on Wearing many hats
We artists tend to have day jobs, side projects, complimentary research, and collaborations that drive our studio practice just as much as putting a pencil to paper (or in my case, a needle to thread).
Here is an overview of what keeps me engaged and excited during any given month:
molly.e.evans (at) gmail.com
In the studio
My studio practice is a gym for working through the imagined scenarios and recollections that occupy my daily thinking. Whether its creating shifted scenarios for playful exploration of the ‘everyday’, problem solving for society’s ills, or imagining second tries at disappointing conversations for better outcomes, my unoccupied thoughts are a fertile playground for imagined solutions to a variety of reflective, vulnerable and unanswered self-help challenges. Amidst this questioning in my studio practice, my work centers around storytelling. I use familiar and daily textiles forms, quilts, pillows, mattresses, and upholstered furniture to represent the self as well as draw out moments of memory, or fragments of our stories.
My exhibitions tend to fall into two camps. REVEALING: exhibitions intending to lift the veil of mystery surrounding the artists’ process and research, and STIMULATING: exhibitions whose artists intentionally push the boundaries of the media with which they are most closely associated. A selection of my curatorial endeavors includes: Between: Layering Context and Perception in Patchwork in Savannah, Georgia in partnership with the Textile Society of America during their 2016 annual conference, as well as a number of exhibitions at the Union Art Gallery of the University of Wisconsin Milwaukee, including: Collaborative Design: Great Minds Think Together, Septentrion: Exploring the Arctic Circle, Role Playback: A Second Look at Music Video Production, and Throw: Innovations in Modern Quilt Design.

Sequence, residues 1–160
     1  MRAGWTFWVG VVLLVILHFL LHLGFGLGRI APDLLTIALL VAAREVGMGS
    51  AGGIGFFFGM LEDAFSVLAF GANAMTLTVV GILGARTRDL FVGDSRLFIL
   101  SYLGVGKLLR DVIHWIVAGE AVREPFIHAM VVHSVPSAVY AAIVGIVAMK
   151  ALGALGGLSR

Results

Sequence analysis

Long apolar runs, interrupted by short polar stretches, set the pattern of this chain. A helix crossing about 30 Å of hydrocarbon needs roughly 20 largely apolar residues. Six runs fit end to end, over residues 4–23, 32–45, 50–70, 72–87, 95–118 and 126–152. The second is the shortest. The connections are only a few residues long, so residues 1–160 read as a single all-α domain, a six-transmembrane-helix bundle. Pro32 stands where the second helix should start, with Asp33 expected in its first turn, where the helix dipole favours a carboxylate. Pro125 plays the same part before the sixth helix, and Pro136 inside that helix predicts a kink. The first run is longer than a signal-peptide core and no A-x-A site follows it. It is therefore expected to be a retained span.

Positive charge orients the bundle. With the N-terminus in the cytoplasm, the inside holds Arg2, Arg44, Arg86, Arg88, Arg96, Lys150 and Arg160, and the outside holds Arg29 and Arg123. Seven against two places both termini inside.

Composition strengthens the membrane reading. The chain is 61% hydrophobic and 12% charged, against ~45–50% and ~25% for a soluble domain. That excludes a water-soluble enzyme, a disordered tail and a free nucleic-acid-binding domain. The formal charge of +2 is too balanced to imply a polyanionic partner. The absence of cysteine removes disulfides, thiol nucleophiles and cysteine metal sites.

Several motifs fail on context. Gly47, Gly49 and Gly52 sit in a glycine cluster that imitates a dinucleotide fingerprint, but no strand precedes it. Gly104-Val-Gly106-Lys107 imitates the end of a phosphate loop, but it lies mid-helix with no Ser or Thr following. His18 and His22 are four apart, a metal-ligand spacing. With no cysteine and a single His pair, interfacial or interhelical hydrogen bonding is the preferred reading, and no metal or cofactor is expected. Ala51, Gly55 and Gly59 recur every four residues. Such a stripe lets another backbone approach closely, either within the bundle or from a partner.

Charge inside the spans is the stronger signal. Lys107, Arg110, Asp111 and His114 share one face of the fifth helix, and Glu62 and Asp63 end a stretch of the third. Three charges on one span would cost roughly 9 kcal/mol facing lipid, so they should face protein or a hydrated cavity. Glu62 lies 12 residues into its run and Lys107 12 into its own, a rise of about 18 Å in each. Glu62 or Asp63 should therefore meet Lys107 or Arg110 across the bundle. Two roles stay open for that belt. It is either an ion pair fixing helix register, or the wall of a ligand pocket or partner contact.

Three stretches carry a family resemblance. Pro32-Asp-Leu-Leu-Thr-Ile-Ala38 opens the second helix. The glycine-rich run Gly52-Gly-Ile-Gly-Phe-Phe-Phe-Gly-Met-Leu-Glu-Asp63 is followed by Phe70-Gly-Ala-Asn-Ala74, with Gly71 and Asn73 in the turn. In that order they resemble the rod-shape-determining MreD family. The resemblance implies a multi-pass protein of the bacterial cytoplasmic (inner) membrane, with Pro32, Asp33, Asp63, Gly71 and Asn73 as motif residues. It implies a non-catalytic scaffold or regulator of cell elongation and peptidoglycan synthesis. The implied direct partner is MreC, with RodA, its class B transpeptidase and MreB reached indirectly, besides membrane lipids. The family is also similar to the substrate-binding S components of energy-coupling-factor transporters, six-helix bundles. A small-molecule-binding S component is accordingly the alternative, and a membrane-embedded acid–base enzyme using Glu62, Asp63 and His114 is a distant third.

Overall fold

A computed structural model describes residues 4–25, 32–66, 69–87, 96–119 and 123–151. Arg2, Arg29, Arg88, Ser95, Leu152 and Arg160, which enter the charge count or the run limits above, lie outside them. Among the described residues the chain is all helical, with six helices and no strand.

Arts advocacy Through public speaking & Entrepreneurial research
I have maintained my side research on the connections between art, entrepreneurship, public speaking, and arts advocacy since 2006 through continuing education, MBA coursework, Toastmasters and Moth Storytelling workshops, as well as teaching Public Oral Communication at the University level. My short-term goal has always been to learn how to best advocate for myself as an artist and that goal has now expanded to teaching our community how to do the same.
I am currently teaching 3-to-6 hour strategy workshops for artists looking to overcome anxiety with public speaking, preparing for the five minute pitch, and best practices in style for effective speech delivery. Some feedback from a former student in the Tame the Nightmare! Public Speaking Workshop at the 2017 Annual College Art Association Conference:
“I took so much good information away from your talk and left more confident then ever. You offered up the information in such a clear and concise way and your demeanor was delightful and charming! If you ever offer a workshop on charm, I would gladly get on a plane in order to attend!
Thank you again for your time. I know it doesn't seem like much, but you are changing lives. Thank you.”